Thursday, April 13, 2006

Windows security and its impact in real life

I found this story Wired News story (Border Security System Left Open) via slashdot. It describes how, in August 2005, the US-VISIT system was crippled by the Zotob worm. As I read the story the hairs on the back of my neck stood up. I couldn't believe what I read.

First of all, how is it that a highly sensitive system such as US-VISIT is even tied to the internet? The ideal, most paranoid solution is to use a separate network to tie everything together. Considering all the dark fiber that still exists after the dot-com crash, the feds should have pulled together a government network on which they could have placed US-VISIT and any other critical system. If they needed access to the rest of the next, they could have either provided gateways between the government net and the rest of the world, or else put a second dirty system next to the clean ones for email and surfing the web. I've worked enough time on government contracts to know that if the computer information is sensitive or higher then the computers go on a separate net with highly restricted access to the outside world.

Second is the choice of operating systems. It wasn't just Windows, it was Windows 2000. This was how the worm was able to effect US-VISIT. Zotob targets the flaw that was found in Windows 2000's plug-and-play 'feature'. Having the government use Win2K is not all the unbelievable. I'm on a program right now where the PC sitting on my desk is still running Win2K, and they're just now getting around to upgrading to WinXP (yes, right before the delayed launch of Vista). And I did work for a company that refused to roll out service pack 2 for Windows XP because it interfered with certain corporate applications. But in both cases the IT group maintained and deployed critical fixes. This particular government screwup was amplified because the Zotob patch wasn't applied to systems until a week after it had been released by Microsoft.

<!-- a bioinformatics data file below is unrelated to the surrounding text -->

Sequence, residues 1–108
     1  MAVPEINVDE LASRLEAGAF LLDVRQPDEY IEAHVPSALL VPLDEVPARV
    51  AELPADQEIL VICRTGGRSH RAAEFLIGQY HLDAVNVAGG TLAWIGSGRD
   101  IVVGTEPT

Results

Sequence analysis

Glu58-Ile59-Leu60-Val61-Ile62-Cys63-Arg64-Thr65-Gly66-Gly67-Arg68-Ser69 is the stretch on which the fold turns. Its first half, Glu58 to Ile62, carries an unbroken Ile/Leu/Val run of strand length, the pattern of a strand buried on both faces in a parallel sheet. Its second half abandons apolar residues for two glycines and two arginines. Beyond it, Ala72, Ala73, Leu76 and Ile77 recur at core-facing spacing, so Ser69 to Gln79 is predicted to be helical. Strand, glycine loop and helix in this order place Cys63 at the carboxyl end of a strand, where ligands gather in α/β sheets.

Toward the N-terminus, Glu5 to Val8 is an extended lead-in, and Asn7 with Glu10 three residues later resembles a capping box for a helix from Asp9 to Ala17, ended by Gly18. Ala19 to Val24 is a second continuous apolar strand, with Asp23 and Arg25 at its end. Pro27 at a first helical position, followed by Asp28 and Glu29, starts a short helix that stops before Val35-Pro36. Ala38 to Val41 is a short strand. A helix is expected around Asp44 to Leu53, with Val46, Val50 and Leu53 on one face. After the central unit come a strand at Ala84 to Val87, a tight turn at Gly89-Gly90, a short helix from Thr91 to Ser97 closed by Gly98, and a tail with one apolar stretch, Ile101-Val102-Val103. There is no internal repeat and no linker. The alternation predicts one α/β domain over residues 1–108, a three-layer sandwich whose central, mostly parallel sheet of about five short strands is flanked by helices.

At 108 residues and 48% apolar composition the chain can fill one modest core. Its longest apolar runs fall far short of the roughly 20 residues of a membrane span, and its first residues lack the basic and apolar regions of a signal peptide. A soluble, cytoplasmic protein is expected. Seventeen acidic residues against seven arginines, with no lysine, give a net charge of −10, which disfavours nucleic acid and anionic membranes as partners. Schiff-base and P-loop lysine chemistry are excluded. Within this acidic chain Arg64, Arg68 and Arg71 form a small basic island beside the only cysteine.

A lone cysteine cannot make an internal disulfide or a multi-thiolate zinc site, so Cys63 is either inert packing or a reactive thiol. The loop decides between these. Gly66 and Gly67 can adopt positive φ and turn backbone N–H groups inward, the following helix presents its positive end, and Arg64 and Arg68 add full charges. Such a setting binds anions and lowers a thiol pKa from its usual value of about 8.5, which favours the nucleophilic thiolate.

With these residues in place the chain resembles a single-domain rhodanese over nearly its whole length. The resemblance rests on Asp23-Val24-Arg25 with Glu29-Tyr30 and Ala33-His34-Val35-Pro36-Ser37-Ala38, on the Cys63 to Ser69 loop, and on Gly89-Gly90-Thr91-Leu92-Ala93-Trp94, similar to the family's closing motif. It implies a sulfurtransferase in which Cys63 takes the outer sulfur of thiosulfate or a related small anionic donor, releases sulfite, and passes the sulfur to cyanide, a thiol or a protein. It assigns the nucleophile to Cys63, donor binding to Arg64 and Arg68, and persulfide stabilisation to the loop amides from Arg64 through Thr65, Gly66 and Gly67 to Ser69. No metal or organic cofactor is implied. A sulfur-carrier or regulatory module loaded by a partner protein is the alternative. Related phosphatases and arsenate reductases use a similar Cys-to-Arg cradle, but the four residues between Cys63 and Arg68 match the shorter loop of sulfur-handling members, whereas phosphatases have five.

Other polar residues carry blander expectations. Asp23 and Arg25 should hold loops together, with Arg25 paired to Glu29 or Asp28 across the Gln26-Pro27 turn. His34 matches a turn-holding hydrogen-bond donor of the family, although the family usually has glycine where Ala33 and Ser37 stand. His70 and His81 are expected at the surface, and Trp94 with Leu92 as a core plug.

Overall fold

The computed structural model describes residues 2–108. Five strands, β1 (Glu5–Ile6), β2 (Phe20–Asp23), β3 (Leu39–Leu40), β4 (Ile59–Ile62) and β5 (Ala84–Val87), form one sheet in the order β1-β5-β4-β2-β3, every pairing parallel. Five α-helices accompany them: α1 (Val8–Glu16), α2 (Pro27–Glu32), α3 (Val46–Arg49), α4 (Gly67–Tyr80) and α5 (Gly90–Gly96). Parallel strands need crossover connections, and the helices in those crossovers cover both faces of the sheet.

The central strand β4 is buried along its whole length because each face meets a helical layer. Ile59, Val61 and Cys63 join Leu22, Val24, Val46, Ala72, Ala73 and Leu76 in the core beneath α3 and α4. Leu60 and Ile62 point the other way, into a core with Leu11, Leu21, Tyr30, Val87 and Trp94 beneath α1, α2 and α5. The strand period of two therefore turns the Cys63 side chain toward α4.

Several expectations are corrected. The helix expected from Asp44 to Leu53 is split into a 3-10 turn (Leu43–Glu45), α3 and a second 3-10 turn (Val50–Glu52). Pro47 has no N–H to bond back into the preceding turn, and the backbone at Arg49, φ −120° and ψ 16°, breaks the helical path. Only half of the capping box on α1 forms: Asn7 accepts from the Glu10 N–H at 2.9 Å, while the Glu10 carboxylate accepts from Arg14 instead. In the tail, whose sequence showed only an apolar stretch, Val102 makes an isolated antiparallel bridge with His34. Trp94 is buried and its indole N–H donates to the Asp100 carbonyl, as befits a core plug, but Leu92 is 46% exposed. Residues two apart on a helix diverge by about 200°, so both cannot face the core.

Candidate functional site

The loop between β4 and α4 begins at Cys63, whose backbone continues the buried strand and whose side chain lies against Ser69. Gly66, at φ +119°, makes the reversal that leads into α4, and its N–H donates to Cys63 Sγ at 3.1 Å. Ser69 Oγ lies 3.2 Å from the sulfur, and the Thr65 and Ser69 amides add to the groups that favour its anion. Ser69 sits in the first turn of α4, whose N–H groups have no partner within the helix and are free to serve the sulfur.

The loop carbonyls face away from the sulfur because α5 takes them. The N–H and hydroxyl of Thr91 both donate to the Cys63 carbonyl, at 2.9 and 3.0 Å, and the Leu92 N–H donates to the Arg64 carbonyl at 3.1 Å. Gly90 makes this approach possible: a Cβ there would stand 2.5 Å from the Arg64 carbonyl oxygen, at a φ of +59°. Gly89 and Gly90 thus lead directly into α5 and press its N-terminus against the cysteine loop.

Operating somewhat more slowly, it took CBP officials until Aug. 16 -- a full week after Microsoft released a patch for the hole -- to start pushing the fix to CBP's Windows 2000 computers. But because of the array of peripherals hanging off of the US-VISIT workstations -- fingerprint readers, digital cameras and passport scanners -- they held off longer on fixing those machines, for fear that the patch itself might cause a disruption.
The biggest question I have is whether or not the US-VISIT systems were sitting behind a firewall. I remember August 2005, and I remember the Zotob worm. I also recall that none of the major contractors in the Orlando area with which I was familiar had a problem. Why? Because the people running IT in their various shops maintain an iron grip on the various corporate nets with firewalls, anti-virus software, and corporate policies and procedures that prevent this from happening. If something does get through the corporate net, then the vector is a notebook (from someone in management) that was connected directly to the internet, became infected, and then was allowed to be reconnected to the controlled network after the infection. Even then it's rapidly quashed.

Yes, you can blame part of this on Windows' security problems. But the greatest share of blame is rightfully heaped on the government IT group that failed to properly design and maintain an iron-clad network for US-VISIT. On the internet, only the paranoid survive.

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